REVIEW: ULTRAPHALLUS THE ART OF SPECTRES CD/LP (SUB ROSA, 2016)
Sub Rosa label now, following an association with Riot Season).
Practitioners of a peculiar style of downer experimental sludge rock, Ultraphallus’ music on The Art Of Spectres can be a difficult, doomed-out listening experience, referencing a variety of diverse, deviant musical influences (a few they cite include the Swans, Autechre, "death-metal," and the Residents!) and rarified cinematic obsessions. For instance, one brief 1:23 interlude here is titled “The Death Of Mark Frechette,” memorializing an event which I googled so you don’t have to – Frechette, the star of Antonini’s cult classic Zabriskie Point, died in 1975 at the age of 27 in a prison weightlifting accident. Ouch.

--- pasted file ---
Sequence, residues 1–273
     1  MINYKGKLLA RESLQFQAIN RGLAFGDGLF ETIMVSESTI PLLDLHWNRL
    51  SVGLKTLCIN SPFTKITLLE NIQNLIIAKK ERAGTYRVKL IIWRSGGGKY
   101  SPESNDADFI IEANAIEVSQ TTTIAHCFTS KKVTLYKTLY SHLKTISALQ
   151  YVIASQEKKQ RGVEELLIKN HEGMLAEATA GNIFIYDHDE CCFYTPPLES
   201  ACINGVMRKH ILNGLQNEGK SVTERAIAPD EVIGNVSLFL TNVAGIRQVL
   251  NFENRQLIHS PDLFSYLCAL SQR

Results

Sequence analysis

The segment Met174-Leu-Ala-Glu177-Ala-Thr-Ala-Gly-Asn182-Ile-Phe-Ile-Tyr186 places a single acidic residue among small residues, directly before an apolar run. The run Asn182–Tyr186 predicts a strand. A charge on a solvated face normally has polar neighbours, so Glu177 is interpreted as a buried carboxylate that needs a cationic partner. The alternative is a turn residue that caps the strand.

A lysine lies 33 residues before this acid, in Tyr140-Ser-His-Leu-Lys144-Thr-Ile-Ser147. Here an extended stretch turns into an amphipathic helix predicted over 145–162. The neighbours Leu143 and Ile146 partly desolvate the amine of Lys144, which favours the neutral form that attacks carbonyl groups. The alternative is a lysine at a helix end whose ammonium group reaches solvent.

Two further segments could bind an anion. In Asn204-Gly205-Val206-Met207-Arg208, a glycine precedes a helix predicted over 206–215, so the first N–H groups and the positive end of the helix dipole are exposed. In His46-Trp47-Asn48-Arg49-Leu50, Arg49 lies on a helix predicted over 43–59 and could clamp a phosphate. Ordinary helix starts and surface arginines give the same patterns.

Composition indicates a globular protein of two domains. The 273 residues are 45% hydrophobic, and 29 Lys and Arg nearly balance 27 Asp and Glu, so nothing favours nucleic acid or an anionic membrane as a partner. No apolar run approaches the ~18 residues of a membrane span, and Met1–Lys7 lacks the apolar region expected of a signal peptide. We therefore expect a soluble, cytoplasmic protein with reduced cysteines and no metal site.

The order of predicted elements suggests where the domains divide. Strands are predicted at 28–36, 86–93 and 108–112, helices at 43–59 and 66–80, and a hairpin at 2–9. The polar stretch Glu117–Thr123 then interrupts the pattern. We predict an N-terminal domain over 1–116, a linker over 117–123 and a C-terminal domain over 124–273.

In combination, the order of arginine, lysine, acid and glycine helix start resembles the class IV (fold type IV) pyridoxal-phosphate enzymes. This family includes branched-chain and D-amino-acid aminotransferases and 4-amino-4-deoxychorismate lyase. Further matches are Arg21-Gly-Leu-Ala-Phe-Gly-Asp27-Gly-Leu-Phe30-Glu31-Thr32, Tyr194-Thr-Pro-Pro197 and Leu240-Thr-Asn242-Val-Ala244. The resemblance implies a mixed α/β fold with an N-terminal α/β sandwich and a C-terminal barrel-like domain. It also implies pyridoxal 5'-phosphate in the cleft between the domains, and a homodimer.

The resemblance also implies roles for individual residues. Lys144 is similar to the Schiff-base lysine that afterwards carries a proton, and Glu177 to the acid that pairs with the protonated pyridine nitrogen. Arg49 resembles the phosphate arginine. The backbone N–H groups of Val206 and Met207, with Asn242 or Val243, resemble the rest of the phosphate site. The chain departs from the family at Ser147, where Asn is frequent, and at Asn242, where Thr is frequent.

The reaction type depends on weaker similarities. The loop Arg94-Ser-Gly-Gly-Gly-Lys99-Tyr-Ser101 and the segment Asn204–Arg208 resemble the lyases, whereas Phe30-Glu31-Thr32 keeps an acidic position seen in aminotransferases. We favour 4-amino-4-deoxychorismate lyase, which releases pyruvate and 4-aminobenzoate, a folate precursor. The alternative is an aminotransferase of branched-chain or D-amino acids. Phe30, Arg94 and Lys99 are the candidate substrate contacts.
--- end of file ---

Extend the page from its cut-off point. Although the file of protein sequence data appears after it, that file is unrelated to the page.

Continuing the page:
Elsewhere, though, the album's morbid, ominous atmospheres are a bit more epic than that, Ultraphallus doing everything in their considerable power to create emotionally weighty, creepily cinematic soundscapes. A fundamental framework of shaking, shuddering drone-distortion and trance-inducing percussive pummel tends to run throughout these seven tracks, over which strange, often distressed singing occasionally intrudes. The vocals never really get deathly like you might expect; instead their stylings range from weirdly whispery to almost warbly melodic. The proceedings are also laced with electronic effects, disembodied trumpet, rhythmic reveries, and surprising moments of ambient bliss - providing more of a moody and unusual context for the slow, lumbering, ultraphallic sludgery of the guitars. RIYL: Oxbow, Swans, Old Man Gloom, Today Is The Day, The Body, Hey Colossus, Gnod... (–Allan)
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